Oliver Sprague, military, security and police programme director at Amnesty International UK, said: “Many Scottish universities have a global reputation and conduct vital research, but they must acknowledge that their involvement in the area of military research directly funded by the US and UK defence departments puts their institutions at significant risk of becoming implicated in the development of technology that can be used to devastating effect.
“For example, Amnesty field investigations have found alarming evidence of civilian casualties as a result of both US and UK military operations. In 2020, Amnesty concluded that the Pentagon was under-counting civilian casualties in Iraq, Syria, Somalia and Afghanistan – killings which may have put the United States in violation of international law.”
Last December, two Democratic politicians, Elizabeth Warren and Sarah Jacobs, alleged the Pentagon was undercounting civilian casualties from US military operations, and claimed it was not giving “appropriate weight” to external sources when investigating civilian casualty reports. The Pentagon introduced a plan last year to reduce civilian casualties, and has said it reviews all civilian casualty reports.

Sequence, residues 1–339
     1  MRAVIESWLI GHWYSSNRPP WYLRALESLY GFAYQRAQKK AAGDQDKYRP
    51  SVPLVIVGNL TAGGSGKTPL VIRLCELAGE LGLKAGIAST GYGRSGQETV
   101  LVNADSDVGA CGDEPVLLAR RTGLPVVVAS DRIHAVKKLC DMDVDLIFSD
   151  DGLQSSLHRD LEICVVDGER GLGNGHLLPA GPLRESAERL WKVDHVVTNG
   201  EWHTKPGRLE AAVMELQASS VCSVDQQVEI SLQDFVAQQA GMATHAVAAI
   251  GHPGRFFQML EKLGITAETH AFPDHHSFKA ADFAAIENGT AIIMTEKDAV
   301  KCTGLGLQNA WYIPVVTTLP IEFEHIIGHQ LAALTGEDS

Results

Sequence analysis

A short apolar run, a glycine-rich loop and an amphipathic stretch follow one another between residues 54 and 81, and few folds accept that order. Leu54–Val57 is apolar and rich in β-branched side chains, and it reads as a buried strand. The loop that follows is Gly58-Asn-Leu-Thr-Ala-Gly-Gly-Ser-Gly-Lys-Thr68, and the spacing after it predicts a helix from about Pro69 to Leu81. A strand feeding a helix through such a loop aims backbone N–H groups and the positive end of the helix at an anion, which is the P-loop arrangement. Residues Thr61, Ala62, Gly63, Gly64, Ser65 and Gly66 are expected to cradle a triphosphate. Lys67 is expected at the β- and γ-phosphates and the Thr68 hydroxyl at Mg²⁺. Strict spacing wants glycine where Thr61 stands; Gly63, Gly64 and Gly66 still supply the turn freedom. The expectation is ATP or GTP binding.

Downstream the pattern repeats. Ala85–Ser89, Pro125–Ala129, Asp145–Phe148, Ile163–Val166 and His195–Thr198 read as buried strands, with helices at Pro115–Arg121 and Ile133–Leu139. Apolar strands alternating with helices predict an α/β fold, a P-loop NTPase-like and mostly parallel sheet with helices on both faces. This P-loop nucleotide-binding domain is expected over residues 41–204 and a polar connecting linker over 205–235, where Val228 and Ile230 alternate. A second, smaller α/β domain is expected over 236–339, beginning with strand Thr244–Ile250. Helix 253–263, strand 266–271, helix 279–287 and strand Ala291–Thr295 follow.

Emma Cockburn, Scotland co-ordinator for the Campaign Against Arms Trade, said: “Universities have a responsibility to expand the minds of their students and encourage them to produce knowledge that seeks to contribute positively to global security, not act as a detriment to it."
Ross Greer, education and external affairs spokesman for the Scottish Greens, said: “The crimes of the US military have been well documented. From kidnapping innocent people off the streets of Europe, to the torture of captives, to the extensive use of materials like depleted uranium that will have horrific health consequences for generations to come, to the support of vicious dictatorships across the world.
"It’s essential that universities are completely transparent about their involvement in Pentagon-funded research and can demonstrate that they have conducted robust human rights assessments before participating. Better yet, they could simply stay away from the Pentagon completely. We wouldn't expect them to collaborate with [Vladimir] Putin's Kremlin, war criminals have no place in our universities."
Universities say ‘rigorous risk assessments’ are carried out